The above was part of my thesis for today's roundtable organized by the Moscow International Business Association.

Sunday, March 27, 2011

Is this PR or is this reality? – A collision of business and public interests in Russia

For Russia, a country where you have a developed government sector, striving business sector just but a rudimentary public sector, the question is quite hot, according to Andrey Lapshov, President of IABC/Russia. That's why Nikolay Studenikin, IABC/Russia Vice-President on Crisis Communications, moderated last week a roundtable devoted to the issue at RIA Novosti's Press Center.

The participants of the roundtable shared some of their thoughts on the topic.

Igor Demin, Press-officer, Transneft (oil pipeline monopoly), said: “There are three types of collision and interaction: real issues during the construction and maintenance, business interests, political interests.”

Demin then gave example when PR is used to profit from the commodity markets: “The first oil makes it to the market through the eastwards pipeline. Suddenly, Yakutia's parliament starts speaking of oil spills. The price of futures in London falls down. If you know of such PR in advance, you can earn tens or hundreds of thousands of dollars.”

Lack of culture and Soviet heritage can explain such rude moves. Jacob Minevich of R.I.M. Porter Novelli explained: “In the West you have sustainable development. In Russia you have a kind of heritage when apartment blocks are built around factories.”

Minevich also said that the regional managers seconded by Russia's ruling party are alien to the region they've been assigned to. Local businesses find it convenient to work such authorities through public organizations.

There's been some progress even with the public hearings, according to Minevich: “Public hearings used to exist only on paper now at least they are formally for real.”

Vyacheslav Leontiev, Managing Partner, Leontiev & Partners, blamed Russia's slow judicial system for poor efficiency in handling cases involving officials. “If the legal system worked properly there would be no need for massive PR in the media,” said Leontiev.

This reflects with the opinion of Oleg Solodukhin, GR expert at the CROS company: “The Khimki forest issue was raised at first to sack the mayor. But the result has surpassed all the expectations.”

There may be a less dramatic explanation to sudden outbursts of PR activity. Konstantin Mikhailov of Archnadzor (NGO working to protect Moscow's diminishing cultural heritage, translated as “architectural watchdog”) said: “Accusations are heard when our opponents haven't got anything else to say.”

Mikhail Dvorkovich, CEO, Press Hall communcation group, said: “A rare occasion when an NGO is created not as an instrument in somebody's hands.” He urged everybody to go through a list of Russian NGOs (in Russian) and marvel at their origin and founders.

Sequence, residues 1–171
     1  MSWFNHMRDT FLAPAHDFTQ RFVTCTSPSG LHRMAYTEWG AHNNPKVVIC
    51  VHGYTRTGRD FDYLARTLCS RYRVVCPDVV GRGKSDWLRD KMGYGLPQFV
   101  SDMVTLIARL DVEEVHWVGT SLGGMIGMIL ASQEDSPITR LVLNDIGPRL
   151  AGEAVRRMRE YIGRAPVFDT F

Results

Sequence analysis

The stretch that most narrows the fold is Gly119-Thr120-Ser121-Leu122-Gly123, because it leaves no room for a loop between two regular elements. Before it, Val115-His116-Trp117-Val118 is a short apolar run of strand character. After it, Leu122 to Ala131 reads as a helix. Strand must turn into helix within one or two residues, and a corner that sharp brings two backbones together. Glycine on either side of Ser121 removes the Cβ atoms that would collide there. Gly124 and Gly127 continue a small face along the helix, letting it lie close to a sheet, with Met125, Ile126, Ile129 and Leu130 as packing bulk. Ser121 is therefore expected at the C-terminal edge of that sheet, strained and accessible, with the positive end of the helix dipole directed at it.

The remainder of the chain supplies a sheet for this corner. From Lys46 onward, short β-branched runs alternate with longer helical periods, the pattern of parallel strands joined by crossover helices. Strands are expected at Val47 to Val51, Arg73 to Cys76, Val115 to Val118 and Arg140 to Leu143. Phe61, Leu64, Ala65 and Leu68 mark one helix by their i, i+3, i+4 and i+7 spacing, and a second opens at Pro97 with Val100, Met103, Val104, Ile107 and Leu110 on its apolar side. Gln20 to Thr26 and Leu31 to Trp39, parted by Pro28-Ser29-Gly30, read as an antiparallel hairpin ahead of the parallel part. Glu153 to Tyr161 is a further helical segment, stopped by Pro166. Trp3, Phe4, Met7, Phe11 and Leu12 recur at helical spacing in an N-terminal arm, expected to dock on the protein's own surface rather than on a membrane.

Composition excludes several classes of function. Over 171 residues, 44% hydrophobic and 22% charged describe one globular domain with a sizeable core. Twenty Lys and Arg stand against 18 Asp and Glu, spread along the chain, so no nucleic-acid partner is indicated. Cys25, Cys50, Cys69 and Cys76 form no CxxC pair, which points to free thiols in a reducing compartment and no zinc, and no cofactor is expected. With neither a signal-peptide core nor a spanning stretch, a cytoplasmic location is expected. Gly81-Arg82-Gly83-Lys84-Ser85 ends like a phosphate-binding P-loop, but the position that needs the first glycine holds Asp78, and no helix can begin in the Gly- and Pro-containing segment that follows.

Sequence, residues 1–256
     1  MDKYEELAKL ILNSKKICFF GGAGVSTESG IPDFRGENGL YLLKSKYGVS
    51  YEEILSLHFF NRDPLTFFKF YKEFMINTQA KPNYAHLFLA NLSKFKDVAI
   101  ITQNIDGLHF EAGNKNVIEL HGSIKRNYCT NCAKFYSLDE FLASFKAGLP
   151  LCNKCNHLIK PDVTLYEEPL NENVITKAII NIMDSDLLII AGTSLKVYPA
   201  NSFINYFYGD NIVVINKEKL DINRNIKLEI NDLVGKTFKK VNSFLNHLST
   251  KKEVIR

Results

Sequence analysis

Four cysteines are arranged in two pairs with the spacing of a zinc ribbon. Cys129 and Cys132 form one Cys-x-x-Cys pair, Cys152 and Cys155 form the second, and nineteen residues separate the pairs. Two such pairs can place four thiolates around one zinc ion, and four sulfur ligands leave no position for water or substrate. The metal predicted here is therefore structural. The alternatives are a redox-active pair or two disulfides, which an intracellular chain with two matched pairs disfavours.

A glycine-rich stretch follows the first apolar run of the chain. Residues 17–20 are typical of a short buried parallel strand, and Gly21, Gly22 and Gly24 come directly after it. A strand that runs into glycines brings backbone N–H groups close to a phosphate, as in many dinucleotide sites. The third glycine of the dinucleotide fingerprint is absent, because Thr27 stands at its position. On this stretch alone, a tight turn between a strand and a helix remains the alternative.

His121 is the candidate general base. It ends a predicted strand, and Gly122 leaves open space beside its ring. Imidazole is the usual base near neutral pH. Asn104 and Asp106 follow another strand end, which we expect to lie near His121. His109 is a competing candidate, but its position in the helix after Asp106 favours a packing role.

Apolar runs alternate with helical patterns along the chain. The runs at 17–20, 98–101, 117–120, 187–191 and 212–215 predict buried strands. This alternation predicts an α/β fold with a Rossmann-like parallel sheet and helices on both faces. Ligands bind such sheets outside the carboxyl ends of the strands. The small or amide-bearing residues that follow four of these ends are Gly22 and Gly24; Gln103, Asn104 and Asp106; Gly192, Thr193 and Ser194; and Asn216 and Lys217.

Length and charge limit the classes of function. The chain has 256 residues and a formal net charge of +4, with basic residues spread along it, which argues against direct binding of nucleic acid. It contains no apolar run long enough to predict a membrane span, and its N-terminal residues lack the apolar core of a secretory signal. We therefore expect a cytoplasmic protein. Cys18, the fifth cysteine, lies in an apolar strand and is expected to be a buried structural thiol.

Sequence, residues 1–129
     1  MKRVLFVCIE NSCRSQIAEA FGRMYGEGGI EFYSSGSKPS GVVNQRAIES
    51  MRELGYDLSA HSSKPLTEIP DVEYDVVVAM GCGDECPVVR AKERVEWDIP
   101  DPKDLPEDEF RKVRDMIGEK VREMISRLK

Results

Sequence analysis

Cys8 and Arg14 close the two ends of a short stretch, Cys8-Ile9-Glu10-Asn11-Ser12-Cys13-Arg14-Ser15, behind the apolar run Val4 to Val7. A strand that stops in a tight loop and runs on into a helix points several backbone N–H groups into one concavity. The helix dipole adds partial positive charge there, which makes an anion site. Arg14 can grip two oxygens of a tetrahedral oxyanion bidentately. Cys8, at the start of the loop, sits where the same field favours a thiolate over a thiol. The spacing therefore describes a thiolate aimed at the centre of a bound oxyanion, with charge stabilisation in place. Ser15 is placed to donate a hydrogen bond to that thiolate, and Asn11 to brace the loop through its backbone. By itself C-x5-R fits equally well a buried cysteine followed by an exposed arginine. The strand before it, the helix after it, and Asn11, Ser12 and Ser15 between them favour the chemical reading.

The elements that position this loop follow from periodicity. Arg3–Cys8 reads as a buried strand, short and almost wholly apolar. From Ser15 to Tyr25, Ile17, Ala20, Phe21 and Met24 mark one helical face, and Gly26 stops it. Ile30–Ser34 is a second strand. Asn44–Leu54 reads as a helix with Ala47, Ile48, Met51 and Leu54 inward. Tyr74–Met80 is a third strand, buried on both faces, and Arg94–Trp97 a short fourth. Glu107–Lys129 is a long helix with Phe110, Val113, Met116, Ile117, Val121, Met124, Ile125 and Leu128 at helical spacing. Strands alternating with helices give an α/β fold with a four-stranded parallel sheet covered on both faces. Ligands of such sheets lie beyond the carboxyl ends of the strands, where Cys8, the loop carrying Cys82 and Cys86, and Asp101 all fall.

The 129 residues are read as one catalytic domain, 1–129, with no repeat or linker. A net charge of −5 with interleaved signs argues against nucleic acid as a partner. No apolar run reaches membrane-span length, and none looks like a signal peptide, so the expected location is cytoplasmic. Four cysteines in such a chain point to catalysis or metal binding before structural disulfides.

Dvorkovich recently created an association of entrepreneurs which he called a new type of NGO. “The members are bound to two things: not paying bribes to officials and courts, paying all the taxes. We put their voluntary contributions to good cause,” Dvorkovich said.

Studenikin summed up the two hour discussion: “The public sector in Russia should become a strong instrument of affecting both the business and the government sectors. At the same time PR has become a part of the reality and cannot be taken out of the context of the important public issues and business processes.”

Please refer to the video recording of the roundtable (in Russian) for more details.

Wednesday, March 9, 2011

Bloggers vs. News Agencies: A PR Perspective

In my EJC's Community blog post called Bloggers vs. News Agencies: Lessons Learned I wrote about some of the risks for the traditional media, namely news agencies. First of all, the risk to lag behind the social media with the breaking news. Which at this point is often a tug of war - sometimes the bloggers lead but most of the times it's the media who are first. Then, there's the risk of perception by the audience as being a media often lagging behind the bloggers.

This risk of perception requires some PR on media's behalf. For a news agency this job is even more difficult than for the end-user media since there are simply more sides to communicate to. Directly, to news makers, media and non-media clients. Indirectly, to the end-users. Media clients are more easy to persuade since they can judge a news agency's worthiness by its news wire. Non-media clients - corporates, banks, cellular operators etc. - are more affected by the public opinion. The latter is shaped by news makers and the end-users. Luckily, both the news-makers and end-users have one important thing in common. They can be bloggers worth listening to and worth communicating with as such.